A B.C. Supreme Court Justice will consider whether to overturn a conviction against Coun. Brian Skakun for breaking the provincial privacy law and order a new trial.
Justice Selwyn Romilly reserved decision Wednesday following about three hours of submissions from defence lawyer Jon Duncan and Crown counsel Judith Doulis.
In reaching a decision, Romilly must decide if there was an error in law, the evidence did not support the verdict or there was any other ground for a miscarriage of justice.
In May 2011, Provincial Court Judge Ken Ball found Skakun guilty of leaking confidential personnel documents to CBC Radio in Prince George and fined him $750 for violating B.C.s freedom of information and protection of privacy legislation.
Duncan's submissions hinged in part on arguments that Ball displayed an "apprehension of bias" by failing to fully consider the evidence provided on Skakun's behalf.
Duncan recounted a trial in which he found himself at odds with Ball on several occasions over the line of argument and pointed to several instances in which he said defence's efforts were "belittled" and "interrupted."
At particular issue was whether Skakun had a duty as a city councillor to inform the public of wrongdoing by public officials and whether that duty is protected under the Charter of Rights and Freedoms.
In reaching his verdict Ball found Duncan had abandoned that line of argument but on Wednesday, Duncan disagreed and contended Ball simply decided to dismiss an application for disclosure on the issue.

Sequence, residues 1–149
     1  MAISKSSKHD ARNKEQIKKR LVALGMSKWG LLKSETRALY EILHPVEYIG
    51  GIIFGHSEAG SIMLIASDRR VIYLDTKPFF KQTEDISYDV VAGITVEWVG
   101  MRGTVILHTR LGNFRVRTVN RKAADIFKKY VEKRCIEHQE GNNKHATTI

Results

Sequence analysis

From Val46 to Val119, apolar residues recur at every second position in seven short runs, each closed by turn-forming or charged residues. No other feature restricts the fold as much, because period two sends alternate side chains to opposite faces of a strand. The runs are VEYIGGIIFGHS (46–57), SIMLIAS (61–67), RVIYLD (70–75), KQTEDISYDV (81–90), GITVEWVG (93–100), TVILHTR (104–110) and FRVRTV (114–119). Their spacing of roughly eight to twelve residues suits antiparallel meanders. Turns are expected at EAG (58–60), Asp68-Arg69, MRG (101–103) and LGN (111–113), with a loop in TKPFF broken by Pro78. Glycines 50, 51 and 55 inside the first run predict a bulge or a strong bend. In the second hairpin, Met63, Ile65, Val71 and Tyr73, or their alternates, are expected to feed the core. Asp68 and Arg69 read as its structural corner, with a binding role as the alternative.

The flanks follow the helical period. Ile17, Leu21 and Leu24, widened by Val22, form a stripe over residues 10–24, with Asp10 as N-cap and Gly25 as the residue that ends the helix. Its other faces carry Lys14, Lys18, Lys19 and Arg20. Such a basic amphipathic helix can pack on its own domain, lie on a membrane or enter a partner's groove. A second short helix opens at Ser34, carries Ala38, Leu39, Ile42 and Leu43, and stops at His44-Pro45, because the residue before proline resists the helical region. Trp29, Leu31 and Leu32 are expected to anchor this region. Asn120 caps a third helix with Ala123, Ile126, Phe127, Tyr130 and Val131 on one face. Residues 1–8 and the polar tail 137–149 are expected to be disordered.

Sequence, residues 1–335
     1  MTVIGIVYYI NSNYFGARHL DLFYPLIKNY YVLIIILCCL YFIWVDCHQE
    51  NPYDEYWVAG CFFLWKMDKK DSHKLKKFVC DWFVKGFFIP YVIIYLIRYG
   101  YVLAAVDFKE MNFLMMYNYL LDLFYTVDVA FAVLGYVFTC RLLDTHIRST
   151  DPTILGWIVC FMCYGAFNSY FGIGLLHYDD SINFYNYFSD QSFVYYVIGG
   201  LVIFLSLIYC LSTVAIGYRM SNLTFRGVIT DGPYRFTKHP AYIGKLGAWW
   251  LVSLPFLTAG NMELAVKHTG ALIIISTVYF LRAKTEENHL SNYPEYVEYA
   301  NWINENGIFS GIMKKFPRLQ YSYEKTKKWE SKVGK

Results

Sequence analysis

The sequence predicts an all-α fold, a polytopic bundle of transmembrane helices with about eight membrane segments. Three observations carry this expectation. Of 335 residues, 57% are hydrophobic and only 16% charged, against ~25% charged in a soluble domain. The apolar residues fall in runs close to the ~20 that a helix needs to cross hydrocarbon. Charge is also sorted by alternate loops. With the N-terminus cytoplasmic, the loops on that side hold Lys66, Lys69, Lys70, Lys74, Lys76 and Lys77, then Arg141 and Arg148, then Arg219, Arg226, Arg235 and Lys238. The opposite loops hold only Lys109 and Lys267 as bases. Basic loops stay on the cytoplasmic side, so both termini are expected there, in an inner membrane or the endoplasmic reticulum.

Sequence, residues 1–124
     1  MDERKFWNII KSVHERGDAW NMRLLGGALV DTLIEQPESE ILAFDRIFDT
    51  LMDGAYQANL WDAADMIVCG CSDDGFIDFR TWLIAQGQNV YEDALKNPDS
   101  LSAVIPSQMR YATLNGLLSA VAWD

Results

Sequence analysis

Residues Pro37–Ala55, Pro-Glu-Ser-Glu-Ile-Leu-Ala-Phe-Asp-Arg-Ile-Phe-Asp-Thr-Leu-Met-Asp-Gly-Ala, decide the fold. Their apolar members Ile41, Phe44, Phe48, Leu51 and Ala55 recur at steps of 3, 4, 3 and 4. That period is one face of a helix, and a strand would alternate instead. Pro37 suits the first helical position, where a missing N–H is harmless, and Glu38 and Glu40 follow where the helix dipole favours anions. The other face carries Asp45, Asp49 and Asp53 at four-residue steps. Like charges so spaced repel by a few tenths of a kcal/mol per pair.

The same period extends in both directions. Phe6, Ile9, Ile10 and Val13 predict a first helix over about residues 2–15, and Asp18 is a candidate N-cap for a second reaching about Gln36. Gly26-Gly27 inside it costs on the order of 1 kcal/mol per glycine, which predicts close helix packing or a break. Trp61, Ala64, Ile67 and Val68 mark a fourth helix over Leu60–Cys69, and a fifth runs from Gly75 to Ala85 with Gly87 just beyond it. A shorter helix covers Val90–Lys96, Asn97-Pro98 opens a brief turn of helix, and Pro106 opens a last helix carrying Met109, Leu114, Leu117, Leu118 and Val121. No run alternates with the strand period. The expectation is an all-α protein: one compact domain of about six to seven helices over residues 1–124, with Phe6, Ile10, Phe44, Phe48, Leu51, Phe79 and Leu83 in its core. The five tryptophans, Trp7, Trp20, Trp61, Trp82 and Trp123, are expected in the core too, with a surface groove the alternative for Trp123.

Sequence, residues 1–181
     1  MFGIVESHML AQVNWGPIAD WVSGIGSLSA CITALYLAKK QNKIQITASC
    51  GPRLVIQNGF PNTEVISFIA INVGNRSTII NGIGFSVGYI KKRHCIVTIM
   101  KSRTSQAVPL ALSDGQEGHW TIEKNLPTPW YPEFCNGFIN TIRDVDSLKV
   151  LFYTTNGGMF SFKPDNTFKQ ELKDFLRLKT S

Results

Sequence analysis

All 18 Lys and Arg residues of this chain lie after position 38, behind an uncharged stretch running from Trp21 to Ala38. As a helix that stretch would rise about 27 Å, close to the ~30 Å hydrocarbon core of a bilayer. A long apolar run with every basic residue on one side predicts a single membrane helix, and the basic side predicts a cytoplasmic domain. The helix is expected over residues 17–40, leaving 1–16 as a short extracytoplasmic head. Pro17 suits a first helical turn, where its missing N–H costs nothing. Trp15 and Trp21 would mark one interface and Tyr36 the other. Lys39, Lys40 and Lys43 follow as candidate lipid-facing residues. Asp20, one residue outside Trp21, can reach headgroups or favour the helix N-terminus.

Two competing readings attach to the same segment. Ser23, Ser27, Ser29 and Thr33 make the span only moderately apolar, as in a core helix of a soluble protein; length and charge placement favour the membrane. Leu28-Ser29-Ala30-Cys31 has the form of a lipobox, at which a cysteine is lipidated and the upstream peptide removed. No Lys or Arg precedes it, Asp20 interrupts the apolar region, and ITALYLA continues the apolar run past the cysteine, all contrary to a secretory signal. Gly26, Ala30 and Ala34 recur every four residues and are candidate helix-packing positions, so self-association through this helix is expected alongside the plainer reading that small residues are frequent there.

Duncan was also critical of Ball's decision to accept testimony from Debora Munoz over that of Skakun in regards to a meeting they had in which Skakun admitted to her he leaked the documents.
Duncan said the note Munoz wrote outlining the conversation was written well after the meeting had occurred and maintained she wrote it after the fact to buttress her evidence.
"This judge gave short shrift to anything the defendant tried to do to defend himself," Duncan said.
Doulis noted defence attempted a mutually inconsistent argument by contending, at first, that Skakun did not leak the document but if he did was within his rights to do so as a whistleblower.
Once on the stand, Skakun admitted he handed the documents over to CBC but the question remained of whether he was charged within the one-year limitation from the date of the act.
Dismissing Skakun's testimony as not credible in favour of Munoz's was a key part of Ball's conclusion the charge was issued within the time limit.
While on the stand, Skakun continually failed to recall dates and and details, Doulis noted, and asserted Munoz was unaware of the limit when she wrote in her notes that Skakun told her he did not expect CBC would post the information on its website a day after he handed it over.
Doulis also argued Skakun cannot assert he acted in good faith or with due diligence because he failed to consult with staff or council before handing over the document.
"He does this behind their back," Doulis said.